- What he bought was not the end of exhortation, but the triumph of exhortation.
This is why this pastoral writer of the book of Hebrews could tell them that he was convinced of “better things concerning you, things that accompany salvation” rather than apostasy (Heb. 6:9). And this is why he tells them that the evidence of being a partaker of Christ is holding fast to the assurance that is in Christ (3:14). And this is why he explains to them that they can hold fast their confidence and boasting of their great hope in Christ because they are part of his household (Heb. 3:6). God’s resolve through the work of Jesus Christ is to bring all of His children safely through the stormy trials and temptations of life to the glories of His eternal presence. Strong encouragement and a grip on the hope set before us: that is our perseverance anchored in the promise and character of God.
If we are stimulated to grab more tightly to Christ and His promise to save us—what’s the benefit?
Verse 19 says that “We have this as a sure and steadfast anchor of the soul, a hope that enters into the inner place behind the curtain…”
Our hope is like an anchor, stabilizing us in the midst of the storms of life. It is hope that enables us to persevere, to endure to the end successfully and ultimately inherit what has been promised.
All of us, at some time or another, will find ourselves needing a stabilizing anchor for our souls. It is for this reason that the anchor has been a symbol of Christian hope through the centuries. One of the well-known catacombs has over 60 anchors etched into its walls as reminders of how these believers endured persecution with a firm hope in Christ.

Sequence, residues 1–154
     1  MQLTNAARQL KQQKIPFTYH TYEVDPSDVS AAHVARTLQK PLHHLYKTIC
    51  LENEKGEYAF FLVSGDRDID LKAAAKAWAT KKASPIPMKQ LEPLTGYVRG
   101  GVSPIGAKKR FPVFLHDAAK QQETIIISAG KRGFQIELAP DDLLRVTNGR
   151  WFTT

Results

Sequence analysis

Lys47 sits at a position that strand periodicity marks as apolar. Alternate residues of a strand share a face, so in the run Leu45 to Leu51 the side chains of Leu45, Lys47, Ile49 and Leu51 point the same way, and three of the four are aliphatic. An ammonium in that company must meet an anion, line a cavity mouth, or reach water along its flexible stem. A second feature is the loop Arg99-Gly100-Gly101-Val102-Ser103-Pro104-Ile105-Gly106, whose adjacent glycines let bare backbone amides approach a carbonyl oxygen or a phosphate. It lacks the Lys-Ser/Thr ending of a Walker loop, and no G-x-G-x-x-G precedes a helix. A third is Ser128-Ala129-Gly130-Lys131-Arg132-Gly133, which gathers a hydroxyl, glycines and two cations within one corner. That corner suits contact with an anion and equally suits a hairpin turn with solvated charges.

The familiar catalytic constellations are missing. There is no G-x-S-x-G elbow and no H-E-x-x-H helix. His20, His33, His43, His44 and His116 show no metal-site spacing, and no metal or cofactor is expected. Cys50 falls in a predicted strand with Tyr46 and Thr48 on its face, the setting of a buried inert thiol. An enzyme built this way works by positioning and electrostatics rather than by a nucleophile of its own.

This hope is an anchor. It provides stability. Though everything around you be chaotic, and wild, and out of control, this hope—this confident expectation—will be the stabilizing force.
Notice that it is described in two ways, as being “firm” and “secure.” “Firm” describes the believer’s hope as outwardly strong. There is nothing that can topple the believer’s hope. It will stand through the storms and earthquakes. Paul had this same idea in mind in those wondrous words of Romans 8:38-39.
We also find this anchor of the soul to be “secure.” This points to the inward character and stability of this anchor of hope, that it is firm within itself. In other words, there is no corruption, no deceit, no wavering, and no weakness in hope as the anchor of the soul.
This is why he said back in verse 11, “And we desire each one of you to show the same earnestness to have the full assurance of hope until the end,”
How does Christian hope strengthen us, enabling us to ride through the storms and stand secure in the earthquakes?
God’s intention is that it be strengthened by a fresh consideration of the integrity of God’s promise, his oath, both growing out of his eternal, unchanging faithfulness. He is a God who cannot lie, he cannot break a promise. He wants us to know that, to know that we know that we know that. And the way he does it is by swearing an oath by His own character.